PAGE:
Following on the heels of the successful statewide Good Catch Campaign in 2017, American Data Network Patient Safety Organization (ADNPSO) is launching a year-long specimen event study across 15 hospitals in November 2018. The intent of the study, which is free to members of ADNPSO, is to help healthcare professionals, both inside and outside the laboratory, better understand why specimen events happen and how they can collaborate to decrease errors across the testing process.
Laboratory testing provides essential information used by providers in medical decision making with an estimated 60–70% of these decisions based on laboratory test results (Green 2013). Patient safety events involving specimens can be precursors to serious mistakes, including diagnostic errors and inappropriate treatments. Needless to say, Specimen events can have a dramatic impact on patient care and satisfaction, as well as a hospital's quality, safety and financial outlook.
While mix-ups and mishaps do happen in laboratories, literature suggests that the majority of specimen events actually occur outside the lab. In fact, errors occurring in the pre-analytical phase of testing, like mislabeling and inaccurate patient identification, account for 68.2% of all specimen events. Studies also find that events occurring in the post-analytical phase are more likely to result in patient harm, like when critical results are not reported in a timely manner.
Specimen errors can be expensive, too. Researchers at Loyola University Health System calculated the average cost of a labeling error to be $712 per redraw, not including inestimable damages of patient anxiety, discomfort and delays in diagnosis or treatments. Consider a hospital with an annual specimen labeling defect rate of 0.02% per million tests. This would result in 2,000 patients requiring redraws and cost the hospital over $1.4 million.
The good news is that specimen errors are believed to be highly preventable, and effective interventions based on strong policies, clear feedback, and relevant education do not need to be resource intensive. After analyzing nearly 3,000 specimen events collected over four years, ADNPSO noted that 77% of specimen incidents either almost certainly or likely could have been prevented.
Standardizing the Specimen Data Collection
Many event reporting tools and processes categorize specimen events as "Other," making data analysis difficult. ADNPSO collaborated with other Patient Safety and Laboratory experts to design a proprietary Specimen Reporting Form. Standardizing the specimen form allows for collection of the same discrete data elements across all participating facilities, maximizing the analytic potential and providing clearer insight into root causes. ADN’s specimen form also addresses Near Misses and Unsafe Conditions in addition to actual Incidents. Data elements to be gathered include: Specimen Source, Collection Technique, Collector Details, Error Categorizations, Patient Outcomes and more.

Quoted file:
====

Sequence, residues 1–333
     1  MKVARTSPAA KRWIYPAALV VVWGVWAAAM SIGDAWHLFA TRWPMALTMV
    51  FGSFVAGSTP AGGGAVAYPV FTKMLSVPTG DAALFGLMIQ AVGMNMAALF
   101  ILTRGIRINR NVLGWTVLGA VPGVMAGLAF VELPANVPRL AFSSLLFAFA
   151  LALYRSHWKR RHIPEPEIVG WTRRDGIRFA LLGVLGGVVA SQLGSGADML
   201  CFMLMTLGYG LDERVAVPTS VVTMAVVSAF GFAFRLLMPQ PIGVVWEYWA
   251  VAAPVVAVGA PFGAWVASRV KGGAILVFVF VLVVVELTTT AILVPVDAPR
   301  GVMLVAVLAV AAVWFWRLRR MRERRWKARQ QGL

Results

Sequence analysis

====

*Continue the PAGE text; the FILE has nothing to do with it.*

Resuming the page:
Participants in the Specimen Focused Study will all utilize American Data Network's electronic event reporting application, the Quality Assurance Communication system, to ensure secure data entry using the standardized Specimen Reporting Form and seamless data transmission to ADNPSO for use in analytics.
Timeline of Study
During the first quarter of the study, participating hospitals will submit specimen data for Incidents, Near Misses and Unsafe Conditions to establish a baseline. In the following quarter, ADNPSO will conduct an analysis of the data and provide the hospitals quality/safety improvement strategies. The hospitals will then use the third quarter to implement the improvement recommendations. In the final 3 months of the study, ADNPSO will perform a second analysis to evaluate the effectiveness of the corrective actions, as well as examine overall trends in reporting.
For more information about the Specimen Study or American Data Network Patient Safety Organization membership, contact Susan Allen at firstname.lastname@example.org.
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Green, S. F. (2013). The cost of poor blood specimen quality and errors in preanalytical processes. Chemical Biochemistry, 46, 1175-1179.
Kahn S, Jarosz C, Webster K, et al. Improving process quality and reducing total expense associated with specimen mislabeling in an academic medical center. Poster. 2005 Institute for Quality in Laboratory Medicine Conference: Recognizing Excellence in Practice. April 28, 2005. Accessed September 21, 2009.
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